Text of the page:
April 15, 2018

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Edges of Uplift

Originally published December 5, 2008 LPOD-Dec5-08.jpg
image by Pavel Presnyakov, Kiev, Ukraine

The Aristarchus Plateau - or Wood's Spot, the other unofficial name that I naturally prefer to use - is thought to be an uplifted block of lunar crust. Schröter's Valley and the smaller sinuous rilles nearby demonstrate that the area was the source for many lava flows, as well as the large pyroclastic deposit that drapes the Plateau. So probably the uprising magma that fed the rilles also raised up the Plateau. But why does it have the rectangular shape? The southern edge is roughly radial to the center of the Imbrium Basin, but none of the other boundaries have suggestive alignments. Even if we don't understand the reason for the shape lets look at each edge to see how they relate to the surrounding maria. The continuous ejecta from Aristarchus obviously drapes over Procellarum lavas and the Plateau. Just west of the crater is the most abrupt edge of the entire uplift - a bright scarp. If this were part of the rim of a now-gone crater it would have been a very large one. More likely this is a fault scarp, showing that the Plateau was raised up along faulted boundaries. The west side of the Plateau slopes gently towards the mare, and lavas - probably from the Schröter's Valley - embay the edges, icluding burying most of two rilles that paralleled the edge. Along the north the Plateau has a sharp edge with a strait of mare separating it from the Agricola Mountains. Did they used to be contiguous with the Plateau and somehow moved away? The eastern edge is the most complex, with islands of Plateau-textured roughness. The Toscanelli Fault faces toward the Plateau rather than away as expected. An upraised slab between the Fault and Schröter's Valley demonstrates that the Plateau was not lifted up as one continuous block. This side of the Plateau was also the source for multiple sinuous rilles - perhaps the faults provides easy conduits for magma to escape to the surface. Now we are back to Aristarchus. Catch your breath and then start around again to see what other features you missed the first time!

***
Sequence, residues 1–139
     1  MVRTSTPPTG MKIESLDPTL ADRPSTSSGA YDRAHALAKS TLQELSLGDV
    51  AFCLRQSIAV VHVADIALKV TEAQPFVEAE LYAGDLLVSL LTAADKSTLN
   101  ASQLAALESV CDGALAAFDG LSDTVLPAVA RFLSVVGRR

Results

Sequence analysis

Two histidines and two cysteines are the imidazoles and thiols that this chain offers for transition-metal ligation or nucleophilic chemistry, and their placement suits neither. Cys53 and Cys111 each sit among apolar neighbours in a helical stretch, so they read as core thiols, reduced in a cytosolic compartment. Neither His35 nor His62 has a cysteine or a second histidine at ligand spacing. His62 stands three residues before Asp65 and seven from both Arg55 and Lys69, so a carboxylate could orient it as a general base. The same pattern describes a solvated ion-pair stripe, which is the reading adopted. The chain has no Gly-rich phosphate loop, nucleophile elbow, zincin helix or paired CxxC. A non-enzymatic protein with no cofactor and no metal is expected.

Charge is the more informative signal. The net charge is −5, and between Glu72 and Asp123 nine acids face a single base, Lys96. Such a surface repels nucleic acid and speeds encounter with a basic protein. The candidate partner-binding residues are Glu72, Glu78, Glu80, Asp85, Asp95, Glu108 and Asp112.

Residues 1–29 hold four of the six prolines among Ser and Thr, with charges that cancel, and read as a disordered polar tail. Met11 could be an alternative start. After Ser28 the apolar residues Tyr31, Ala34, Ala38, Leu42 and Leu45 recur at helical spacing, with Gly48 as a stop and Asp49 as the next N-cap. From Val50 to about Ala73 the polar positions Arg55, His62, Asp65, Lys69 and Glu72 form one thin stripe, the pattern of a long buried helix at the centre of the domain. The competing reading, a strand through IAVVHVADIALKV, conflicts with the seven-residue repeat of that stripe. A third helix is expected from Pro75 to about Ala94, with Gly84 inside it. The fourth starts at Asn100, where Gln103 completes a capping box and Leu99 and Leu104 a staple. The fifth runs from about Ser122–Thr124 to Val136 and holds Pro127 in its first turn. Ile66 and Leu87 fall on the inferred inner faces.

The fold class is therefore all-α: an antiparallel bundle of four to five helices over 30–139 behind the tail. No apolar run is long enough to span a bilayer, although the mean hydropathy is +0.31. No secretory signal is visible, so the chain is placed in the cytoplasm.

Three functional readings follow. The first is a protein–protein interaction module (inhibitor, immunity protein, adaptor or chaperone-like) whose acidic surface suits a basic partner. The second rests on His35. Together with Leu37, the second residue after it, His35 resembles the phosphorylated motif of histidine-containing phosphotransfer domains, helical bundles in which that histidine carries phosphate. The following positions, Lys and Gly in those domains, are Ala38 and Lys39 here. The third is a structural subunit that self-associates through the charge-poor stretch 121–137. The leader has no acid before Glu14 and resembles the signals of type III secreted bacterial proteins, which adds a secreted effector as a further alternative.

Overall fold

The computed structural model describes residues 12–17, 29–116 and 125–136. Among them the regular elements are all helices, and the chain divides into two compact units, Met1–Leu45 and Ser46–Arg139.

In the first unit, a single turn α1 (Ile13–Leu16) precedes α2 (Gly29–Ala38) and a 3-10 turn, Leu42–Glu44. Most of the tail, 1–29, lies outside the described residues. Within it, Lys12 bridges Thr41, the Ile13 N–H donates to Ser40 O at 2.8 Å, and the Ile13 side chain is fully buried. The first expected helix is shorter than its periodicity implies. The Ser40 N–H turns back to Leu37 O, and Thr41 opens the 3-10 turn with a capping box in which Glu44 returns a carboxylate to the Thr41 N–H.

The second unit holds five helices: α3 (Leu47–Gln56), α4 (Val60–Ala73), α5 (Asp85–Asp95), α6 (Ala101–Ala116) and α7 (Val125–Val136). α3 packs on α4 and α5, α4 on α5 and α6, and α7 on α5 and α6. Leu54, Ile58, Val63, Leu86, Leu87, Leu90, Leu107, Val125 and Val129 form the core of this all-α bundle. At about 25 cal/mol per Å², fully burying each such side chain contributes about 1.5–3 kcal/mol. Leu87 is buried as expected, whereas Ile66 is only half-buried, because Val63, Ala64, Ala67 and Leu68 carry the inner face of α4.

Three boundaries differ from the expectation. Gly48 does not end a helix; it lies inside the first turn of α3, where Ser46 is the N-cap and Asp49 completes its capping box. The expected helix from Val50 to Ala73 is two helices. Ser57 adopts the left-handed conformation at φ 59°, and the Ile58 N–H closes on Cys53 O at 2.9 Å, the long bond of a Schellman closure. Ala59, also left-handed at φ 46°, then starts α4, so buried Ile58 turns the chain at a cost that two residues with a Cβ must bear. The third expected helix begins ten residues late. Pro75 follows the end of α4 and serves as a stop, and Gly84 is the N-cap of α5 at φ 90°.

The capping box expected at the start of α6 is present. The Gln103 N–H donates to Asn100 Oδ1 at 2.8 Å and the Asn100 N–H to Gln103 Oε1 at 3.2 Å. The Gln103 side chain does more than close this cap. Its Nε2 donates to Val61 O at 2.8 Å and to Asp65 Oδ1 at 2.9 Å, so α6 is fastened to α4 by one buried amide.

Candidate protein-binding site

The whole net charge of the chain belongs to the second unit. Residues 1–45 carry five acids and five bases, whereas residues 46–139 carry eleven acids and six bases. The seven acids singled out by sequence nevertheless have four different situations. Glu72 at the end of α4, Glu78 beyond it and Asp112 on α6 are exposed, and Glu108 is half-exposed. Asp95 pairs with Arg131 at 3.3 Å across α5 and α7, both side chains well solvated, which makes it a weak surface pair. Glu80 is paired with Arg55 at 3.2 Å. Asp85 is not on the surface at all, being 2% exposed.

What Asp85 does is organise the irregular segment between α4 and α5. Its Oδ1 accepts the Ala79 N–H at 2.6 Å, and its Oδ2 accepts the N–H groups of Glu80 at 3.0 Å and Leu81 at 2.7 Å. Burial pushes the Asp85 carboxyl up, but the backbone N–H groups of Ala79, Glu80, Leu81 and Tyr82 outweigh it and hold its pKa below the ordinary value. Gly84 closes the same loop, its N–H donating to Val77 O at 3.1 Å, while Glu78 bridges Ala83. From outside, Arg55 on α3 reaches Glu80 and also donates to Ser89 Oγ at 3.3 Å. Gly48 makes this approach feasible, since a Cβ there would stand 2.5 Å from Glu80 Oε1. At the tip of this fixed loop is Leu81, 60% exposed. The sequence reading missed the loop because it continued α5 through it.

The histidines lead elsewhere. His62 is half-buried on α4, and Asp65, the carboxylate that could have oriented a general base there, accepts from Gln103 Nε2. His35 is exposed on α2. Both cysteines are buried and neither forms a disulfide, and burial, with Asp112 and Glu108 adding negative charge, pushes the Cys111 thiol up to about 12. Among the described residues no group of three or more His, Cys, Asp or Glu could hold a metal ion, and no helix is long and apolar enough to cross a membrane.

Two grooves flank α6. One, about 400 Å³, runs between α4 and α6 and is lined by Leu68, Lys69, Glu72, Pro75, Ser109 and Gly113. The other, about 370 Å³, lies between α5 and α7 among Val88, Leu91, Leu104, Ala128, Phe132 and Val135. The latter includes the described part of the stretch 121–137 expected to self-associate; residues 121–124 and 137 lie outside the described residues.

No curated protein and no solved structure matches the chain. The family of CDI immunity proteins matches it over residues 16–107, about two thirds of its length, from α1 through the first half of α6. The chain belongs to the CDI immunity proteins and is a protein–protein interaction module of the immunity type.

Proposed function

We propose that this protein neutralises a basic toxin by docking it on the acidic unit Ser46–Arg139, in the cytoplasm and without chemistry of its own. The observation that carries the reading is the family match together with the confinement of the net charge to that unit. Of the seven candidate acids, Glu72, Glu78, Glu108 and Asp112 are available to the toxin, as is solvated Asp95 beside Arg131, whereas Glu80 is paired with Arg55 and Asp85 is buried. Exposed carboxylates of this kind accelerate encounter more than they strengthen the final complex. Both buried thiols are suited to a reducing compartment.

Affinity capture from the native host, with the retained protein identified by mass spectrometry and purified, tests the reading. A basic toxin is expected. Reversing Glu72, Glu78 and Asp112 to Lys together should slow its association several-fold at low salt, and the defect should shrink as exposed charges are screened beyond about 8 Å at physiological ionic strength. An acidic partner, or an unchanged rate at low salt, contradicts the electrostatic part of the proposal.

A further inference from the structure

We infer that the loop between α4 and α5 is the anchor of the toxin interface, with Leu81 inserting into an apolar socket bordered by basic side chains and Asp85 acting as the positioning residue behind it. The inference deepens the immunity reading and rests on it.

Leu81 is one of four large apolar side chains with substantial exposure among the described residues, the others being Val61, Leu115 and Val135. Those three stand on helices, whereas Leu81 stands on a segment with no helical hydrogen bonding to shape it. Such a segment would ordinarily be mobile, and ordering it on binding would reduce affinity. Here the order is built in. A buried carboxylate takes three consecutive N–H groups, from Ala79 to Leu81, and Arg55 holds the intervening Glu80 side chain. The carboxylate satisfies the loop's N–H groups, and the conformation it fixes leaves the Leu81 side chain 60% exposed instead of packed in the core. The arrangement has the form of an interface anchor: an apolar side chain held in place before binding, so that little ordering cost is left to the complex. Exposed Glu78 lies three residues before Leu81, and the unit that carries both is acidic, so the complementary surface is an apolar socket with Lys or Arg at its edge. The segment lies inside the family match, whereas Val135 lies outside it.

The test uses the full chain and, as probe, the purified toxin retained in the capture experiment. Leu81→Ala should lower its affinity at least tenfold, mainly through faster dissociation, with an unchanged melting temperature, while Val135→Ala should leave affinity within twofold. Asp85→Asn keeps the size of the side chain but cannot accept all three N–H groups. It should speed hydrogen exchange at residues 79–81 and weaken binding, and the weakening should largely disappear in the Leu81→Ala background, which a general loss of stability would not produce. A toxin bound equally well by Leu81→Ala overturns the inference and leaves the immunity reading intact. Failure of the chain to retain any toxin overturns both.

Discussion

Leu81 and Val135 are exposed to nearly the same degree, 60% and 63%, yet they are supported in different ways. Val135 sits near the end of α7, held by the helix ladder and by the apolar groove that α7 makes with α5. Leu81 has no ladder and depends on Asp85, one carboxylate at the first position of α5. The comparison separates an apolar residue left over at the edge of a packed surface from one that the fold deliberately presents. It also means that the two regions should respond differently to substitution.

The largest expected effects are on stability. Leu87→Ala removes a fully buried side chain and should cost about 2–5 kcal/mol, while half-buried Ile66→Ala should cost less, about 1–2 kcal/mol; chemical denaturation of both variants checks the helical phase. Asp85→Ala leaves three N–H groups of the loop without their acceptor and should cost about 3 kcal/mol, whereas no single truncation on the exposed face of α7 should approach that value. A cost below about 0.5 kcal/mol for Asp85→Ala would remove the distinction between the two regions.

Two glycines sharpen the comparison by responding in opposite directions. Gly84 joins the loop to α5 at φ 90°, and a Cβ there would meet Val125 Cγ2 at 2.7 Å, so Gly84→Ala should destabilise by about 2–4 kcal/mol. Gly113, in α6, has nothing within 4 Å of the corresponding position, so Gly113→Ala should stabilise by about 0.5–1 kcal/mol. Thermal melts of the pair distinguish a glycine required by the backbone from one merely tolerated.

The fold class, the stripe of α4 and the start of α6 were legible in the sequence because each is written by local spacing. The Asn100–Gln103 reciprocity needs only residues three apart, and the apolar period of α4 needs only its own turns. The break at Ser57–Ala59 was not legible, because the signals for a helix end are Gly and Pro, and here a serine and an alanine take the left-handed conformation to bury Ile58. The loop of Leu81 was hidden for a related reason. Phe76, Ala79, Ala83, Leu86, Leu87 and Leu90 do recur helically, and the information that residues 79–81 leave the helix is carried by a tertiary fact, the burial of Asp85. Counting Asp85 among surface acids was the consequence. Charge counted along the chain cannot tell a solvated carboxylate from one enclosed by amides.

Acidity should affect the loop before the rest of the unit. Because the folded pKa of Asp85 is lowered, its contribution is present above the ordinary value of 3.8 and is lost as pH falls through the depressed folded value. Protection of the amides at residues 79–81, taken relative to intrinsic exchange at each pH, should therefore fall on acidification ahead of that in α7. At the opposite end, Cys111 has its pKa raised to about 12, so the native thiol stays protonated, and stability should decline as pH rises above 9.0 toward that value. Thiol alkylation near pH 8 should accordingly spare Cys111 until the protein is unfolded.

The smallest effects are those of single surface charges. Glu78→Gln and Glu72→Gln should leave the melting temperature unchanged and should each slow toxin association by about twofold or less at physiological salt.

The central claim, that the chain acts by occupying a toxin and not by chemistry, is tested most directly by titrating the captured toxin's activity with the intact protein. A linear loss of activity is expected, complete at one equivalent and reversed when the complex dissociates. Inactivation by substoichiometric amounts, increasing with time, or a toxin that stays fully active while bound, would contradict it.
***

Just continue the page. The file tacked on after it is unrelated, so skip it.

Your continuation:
Chuck Wood

Technical Details
10.11.2008 20:33 UT. 350 mm newtonian + barlow 3x + Vac-135, b/w 1280x1024; 486 frames from 2500 in AviStack and Registax.

Related Links
Rükl plate 18

Yesterday's LPOD: Postage Stamps

Tomorrow's LPOD: The Envelope Please


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